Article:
A harrowing tale of “Abduction,” from Iran. This author is eventually released and allowed to leave. Thousands taken in the terrifying crackdown will not be so fortunate.
Meanwhile: “The government has banned foreign news media members from leaving their offices, suspended all press credentials for the foreign press, arrested a freelance writer for The Washington Times, continued to hold a reporter for Newsweek and forced other foreign journalists to leave the country. That made it difficult to ascertain exactly what happened when several hundred protesters tried to gather outside the Parliament building Wednesday afternoon. Witnesses said they were met by a huge force of riot police officers and Basij vigilantes, some on motorcycles and some in pickup trucks, armed with sticks and chains. Witnesses said people were trapped and beaten as they tried to flee down side streets. ”
Mark Sanford gets dumped as chairman of the Republican Governors Association; Haley Barbour takes his place.
Buzz is starting for Sanford to resign.
Rudy Giuliani pens a campaign-sounding column for the New York Times on cleaning up New York state government. “New York state government is not working. This has been true for some time. But the paralysis and confusion that has overtaken the capital demonstrates the need to confront this dysfunction directly and take decisive steps to solve it once and for all. That’s why I’m calling on Albany to convene a state constitutional convention. This is not a partisan criticism. There is enough blame for all to share. Recently, though, the situation in our state has gone from bad to worse.” Echoes of Mayor Dinkins in 1993?
The Washington Post hassles Virginia Governor Tim Kaine about his travels on behalf of the DNC.
ABC is getting lots of flak for its wall-to-wall ObamaCare coverage. At the very least it is hard to understand why they did not have slots with appropriate spokesman and/or Republican officials to explain their alternative plans. If memory serves me correctly, Newt Gingrich got nearly equal time when the networks covered the First Lady’s HillaryCare discussions.
Still it wasn’t completely smooth sailing: “President Obama struggled to explain today whether his health care reform proposals would force normal Americans to make sacrifices that wealthier, more powerful people — like the president himself — wouldn’t face. Obama on how to drive down health care costs while providing adequate coverage. The probing questions came from two skeptical neurologists during ABC News’ special on health care reform. . .”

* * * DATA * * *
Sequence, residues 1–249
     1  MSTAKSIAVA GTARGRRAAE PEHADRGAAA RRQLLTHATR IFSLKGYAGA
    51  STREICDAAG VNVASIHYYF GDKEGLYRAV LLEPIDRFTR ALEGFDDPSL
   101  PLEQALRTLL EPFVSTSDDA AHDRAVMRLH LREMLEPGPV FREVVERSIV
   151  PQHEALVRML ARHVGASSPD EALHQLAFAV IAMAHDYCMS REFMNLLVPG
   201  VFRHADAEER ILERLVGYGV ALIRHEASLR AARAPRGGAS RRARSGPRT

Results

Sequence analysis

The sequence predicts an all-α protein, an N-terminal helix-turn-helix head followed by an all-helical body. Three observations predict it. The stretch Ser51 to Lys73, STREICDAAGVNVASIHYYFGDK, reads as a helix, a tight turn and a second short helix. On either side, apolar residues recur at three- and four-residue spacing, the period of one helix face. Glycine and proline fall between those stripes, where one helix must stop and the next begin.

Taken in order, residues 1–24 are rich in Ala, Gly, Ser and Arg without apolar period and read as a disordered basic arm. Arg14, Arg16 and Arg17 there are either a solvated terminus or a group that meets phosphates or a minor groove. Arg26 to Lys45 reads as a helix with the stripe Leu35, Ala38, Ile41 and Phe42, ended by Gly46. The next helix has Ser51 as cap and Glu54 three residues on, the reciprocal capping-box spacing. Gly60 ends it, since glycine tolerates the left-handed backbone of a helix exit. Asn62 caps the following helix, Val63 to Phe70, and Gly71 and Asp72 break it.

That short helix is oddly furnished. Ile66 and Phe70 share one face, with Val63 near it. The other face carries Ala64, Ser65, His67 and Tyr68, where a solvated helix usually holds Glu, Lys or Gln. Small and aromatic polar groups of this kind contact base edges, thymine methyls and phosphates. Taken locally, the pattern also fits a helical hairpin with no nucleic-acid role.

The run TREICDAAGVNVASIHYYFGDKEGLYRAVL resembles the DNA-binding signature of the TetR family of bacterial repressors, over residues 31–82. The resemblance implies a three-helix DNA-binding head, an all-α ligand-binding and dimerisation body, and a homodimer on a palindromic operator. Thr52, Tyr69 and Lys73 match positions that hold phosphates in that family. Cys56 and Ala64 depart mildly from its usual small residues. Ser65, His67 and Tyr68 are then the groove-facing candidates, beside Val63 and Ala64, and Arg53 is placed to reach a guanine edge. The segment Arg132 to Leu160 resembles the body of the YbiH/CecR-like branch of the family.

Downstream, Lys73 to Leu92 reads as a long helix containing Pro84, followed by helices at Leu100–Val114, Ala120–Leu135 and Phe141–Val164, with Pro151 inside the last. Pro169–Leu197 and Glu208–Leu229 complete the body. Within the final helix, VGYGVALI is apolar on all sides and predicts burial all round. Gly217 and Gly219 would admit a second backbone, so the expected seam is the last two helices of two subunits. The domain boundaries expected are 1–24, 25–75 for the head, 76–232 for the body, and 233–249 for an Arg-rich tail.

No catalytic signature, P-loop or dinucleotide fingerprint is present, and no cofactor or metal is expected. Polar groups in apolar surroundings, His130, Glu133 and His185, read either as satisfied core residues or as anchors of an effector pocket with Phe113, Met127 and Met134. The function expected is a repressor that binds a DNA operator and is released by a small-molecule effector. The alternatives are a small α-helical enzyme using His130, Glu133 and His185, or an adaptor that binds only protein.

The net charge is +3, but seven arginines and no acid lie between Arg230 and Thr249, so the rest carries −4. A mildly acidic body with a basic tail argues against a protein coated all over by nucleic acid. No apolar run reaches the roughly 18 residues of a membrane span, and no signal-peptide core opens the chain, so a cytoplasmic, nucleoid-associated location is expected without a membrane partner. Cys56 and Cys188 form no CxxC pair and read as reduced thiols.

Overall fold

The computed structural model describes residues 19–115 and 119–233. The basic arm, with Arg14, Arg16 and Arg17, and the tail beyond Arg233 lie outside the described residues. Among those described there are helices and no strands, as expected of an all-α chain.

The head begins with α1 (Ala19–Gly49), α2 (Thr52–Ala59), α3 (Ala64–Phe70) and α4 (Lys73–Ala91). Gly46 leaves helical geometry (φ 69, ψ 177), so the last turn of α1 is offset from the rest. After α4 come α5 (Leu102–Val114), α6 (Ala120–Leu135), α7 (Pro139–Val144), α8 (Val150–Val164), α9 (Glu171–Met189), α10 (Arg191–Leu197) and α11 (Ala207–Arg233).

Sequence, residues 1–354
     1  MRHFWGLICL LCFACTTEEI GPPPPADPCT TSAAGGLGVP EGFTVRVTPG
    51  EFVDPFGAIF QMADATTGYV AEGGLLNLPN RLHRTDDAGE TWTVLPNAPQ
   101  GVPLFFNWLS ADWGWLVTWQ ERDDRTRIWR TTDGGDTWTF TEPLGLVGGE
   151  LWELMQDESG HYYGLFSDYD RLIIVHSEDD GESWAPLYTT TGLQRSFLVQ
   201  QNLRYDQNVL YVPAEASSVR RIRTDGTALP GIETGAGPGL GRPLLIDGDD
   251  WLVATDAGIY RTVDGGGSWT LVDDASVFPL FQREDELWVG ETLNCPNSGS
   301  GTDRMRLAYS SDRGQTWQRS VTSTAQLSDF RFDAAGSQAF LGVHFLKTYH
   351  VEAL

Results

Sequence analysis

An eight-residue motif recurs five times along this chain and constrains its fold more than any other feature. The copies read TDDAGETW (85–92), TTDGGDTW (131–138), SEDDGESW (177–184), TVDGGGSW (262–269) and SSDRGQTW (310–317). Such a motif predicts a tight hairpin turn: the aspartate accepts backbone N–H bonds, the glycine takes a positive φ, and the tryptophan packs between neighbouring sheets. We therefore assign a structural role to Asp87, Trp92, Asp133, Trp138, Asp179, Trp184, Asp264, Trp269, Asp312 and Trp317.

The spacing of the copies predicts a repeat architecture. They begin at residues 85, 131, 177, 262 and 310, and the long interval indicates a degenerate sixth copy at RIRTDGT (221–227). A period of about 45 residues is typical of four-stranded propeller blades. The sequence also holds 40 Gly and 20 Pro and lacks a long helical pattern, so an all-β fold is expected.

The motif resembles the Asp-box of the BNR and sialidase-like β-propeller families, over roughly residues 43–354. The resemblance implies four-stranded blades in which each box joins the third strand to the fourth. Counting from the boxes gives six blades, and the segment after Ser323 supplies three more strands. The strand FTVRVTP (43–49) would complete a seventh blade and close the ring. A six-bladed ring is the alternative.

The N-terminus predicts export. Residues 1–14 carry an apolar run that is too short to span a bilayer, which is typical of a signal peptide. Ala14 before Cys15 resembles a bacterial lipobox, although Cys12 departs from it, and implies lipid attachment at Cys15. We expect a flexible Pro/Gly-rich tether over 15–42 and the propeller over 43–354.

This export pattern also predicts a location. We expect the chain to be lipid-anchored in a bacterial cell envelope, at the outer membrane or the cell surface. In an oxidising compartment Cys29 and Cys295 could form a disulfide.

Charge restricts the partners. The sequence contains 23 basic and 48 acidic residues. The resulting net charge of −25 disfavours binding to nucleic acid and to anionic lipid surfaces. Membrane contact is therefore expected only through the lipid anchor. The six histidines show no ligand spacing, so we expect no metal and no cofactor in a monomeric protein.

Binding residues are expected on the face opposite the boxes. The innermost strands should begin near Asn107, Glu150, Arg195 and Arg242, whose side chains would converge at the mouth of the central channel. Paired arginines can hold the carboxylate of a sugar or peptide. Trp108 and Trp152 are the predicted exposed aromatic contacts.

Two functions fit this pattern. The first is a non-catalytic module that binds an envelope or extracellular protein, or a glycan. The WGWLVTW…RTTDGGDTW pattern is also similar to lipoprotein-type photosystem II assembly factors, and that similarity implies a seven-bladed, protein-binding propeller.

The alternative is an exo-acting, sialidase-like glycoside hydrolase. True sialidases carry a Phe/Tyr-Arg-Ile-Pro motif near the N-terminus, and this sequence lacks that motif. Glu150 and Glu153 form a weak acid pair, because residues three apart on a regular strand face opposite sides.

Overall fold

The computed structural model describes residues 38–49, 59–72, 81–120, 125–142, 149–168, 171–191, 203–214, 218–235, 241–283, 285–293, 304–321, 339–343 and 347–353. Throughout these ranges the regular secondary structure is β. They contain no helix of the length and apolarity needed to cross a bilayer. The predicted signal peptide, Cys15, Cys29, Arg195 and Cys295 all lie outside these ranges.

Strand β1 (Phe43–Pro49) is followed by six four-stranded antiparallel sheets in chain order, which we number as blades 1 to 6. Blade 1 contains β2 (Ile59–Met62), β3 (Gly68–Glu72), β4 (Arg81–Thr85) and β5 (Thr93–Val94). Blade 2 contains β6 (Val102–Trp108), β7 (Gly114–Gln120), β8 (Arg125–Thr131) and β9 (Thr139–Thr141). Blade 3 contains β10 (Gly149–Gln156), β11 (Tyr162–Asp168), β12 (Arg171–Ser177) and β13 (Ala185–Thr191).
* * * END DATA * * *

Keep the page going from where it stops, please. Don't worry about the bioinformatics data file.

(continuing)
Robert Reich explains why health care is stalled: “Mainly because Congress can’t decide how to pay for it. The hardest blow came last week when the Congressional Budget Office (CBO) estimated that the trial-balloon bill emerging from the Senate Health Committee would cost a whopping $1 trillion over 10 years and would cover only a fraction of Americans currently without health care.”
This likely won’t help: Obama has flip-flopped on mandating insurance and taxing benefits (something he creamed John McCain for suggesting in the campaign).
Michael Rubin thinks Obama’s holding out hope for engagement with the current Iranian regime is not the “realism” it is cracked up to be: “Realism is about maximizing U.S. interests. Preserving an enemy regime is not realism. It is simply stupid. We should not be throwing a lifeline to the Islamic Republic, the fall of which would enable Iran to emerge as a force for moderation in the region, and allow the Iranian people to take their rightful place among nations.”
The Democrats have played fast and loose with the cost impact of cap-and-trade in order to jam it through. The reality, as explained in a Heritage study, is that “Waxman-Markey would cost the economy $161 billion in 2020, which is $1,870 for a family of four. As the bill’s restrictions kick in, that number rises to $6,800 for a family of four by 2035.” What does this mean for the economy as a whole? “The whole point of cap and trade is to hike the price of electricity and gas so that Americans will use less. These higher prices will show up not just in electricity bills or at the gas station but in every manufactured good, from food to cars. Consumers will cut back on spending, which in turn will cut back on production, which results in fewer jobs created or higher unemployment. Some companies will instead move their operations overseas, with the same result.” No wonder Warren Buffett hates the idea.
But Republicans think it’s political gold: “The climate-change bill headed for a House vote Friday is likely to be a defining issue of the 2010 midterm election. Republican leaders see the measure, one of President Barack Obama’s top priorities, as a perfect illustration of their broader case that Democrats are the party of high taxes and intrusive big government. In a memo circulated to House Republicans, Minority Leader John Boehner (R., Ohio) said the pending climate vote would have significant electoral consequences. ‘Democrats who vote for it do so at their own peril,’ Mr. Boehner wrote. ‘The American people will remember this debate and will remember who stands up for them.’”